Two stationary positive point charges, charge 1 of magnitude 3.25 nC and charge 2 of magnitude 2.00 nC , are separated by a distance of 58.0

Question

Two stationary positive point charges, charge 1 of magnitude 3.25 nC and charge 2 of magnitude 2.00 nC , are separated by a distance of 58.0 cm . An electron is released from rest at the point midway between the two charges, and it moves along the line connecting the two charges.

Required:

What is the speed of the electron when it is 10.0 cm from the +3.00-nC charge?

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6 months 2021-08-09T06:57:21+00:00 1 Answers 0 views 0

1. Complete Question

Two stationary positive point charges, charge 1 of magnitude 3.25 nC and charge 2 of magnitude 2.00 nC , are separated by a distance of 58.0 cm . An electron is released from rest at the point midway between the two charges, and it moves along the line connecting the two charges.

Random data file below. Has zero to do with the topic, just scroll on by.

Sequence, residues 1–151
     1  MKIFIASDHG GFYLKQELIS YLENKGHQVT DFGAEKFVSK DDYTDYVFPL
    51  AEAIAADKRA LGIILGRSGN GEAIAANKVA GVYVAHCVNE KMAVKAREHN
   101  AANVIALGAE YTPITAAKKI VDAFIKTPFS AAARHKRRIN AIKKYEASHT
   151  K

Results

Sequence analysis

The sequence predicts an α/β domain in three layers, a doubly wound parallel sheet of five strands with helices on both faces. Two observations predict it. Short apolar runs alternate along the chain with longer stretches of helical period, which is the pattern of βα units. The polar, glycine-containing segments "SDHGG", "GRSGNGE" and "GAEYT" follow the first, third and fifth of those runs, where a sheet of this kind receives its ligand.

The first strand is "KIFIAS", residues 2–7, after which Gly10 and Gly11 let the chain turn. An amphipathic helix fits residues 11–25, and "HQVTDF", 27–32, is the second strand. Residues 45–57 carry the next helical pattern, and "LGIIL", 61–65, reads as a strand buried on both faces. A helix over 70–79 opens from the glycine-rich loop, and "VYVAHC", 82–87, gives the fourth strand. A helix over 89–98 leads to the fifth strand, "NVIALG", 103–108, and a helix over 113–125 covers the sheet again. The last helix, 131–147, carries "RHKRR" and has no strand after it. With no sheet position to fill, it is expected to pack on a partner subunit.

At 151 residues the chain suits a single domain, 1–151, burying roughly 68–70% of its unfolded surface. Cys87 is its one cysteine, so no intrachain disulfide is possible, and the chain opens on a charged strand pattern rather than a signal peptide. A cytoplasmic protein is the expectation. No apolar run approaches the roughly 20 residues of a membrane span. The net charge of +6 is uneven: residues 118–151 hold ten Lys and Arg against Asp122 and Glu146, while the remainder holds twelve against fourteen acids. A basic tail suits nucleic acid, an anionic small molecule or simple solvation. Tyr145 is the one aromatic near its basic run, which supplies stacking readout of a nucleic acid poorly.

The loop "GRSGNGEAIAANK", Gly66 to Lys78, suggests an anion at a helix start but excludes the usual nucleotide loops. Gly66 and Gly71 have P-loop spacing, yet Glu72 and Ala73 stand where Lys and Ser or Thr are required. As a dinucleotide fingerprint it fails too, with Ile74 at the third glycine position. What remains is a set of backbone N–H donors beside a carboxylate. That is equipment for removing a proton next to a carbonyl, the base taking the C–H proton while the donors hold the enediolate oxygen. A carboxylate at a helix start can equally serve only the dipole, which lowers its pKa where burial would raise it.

Required:

What is the speed of the electron when it is 10.0 cm from the +3.25-nC charge?

The velocity is

Explanation:

From  the question we are told that

The magnitude of charge one is

The  magnitude of charge two

The distance of separation is

Generally the electric potential of the electron at the midway point is mathematically represented as

substituting values

Now when the electron is 10 cm   =  0.10 m  from charge 1 , it is  (0.58 – 0.10 =  0.48 m ) m from charge two

Now the electric potential  at that point is mathematically represented as

substituting values

Now the law of energy conservation ,

The  kinetic energy of the electron  =  potential energy of the electron

i.e

where q is the magnitude of the charge on the electron with value

While m is the mass of the electron with value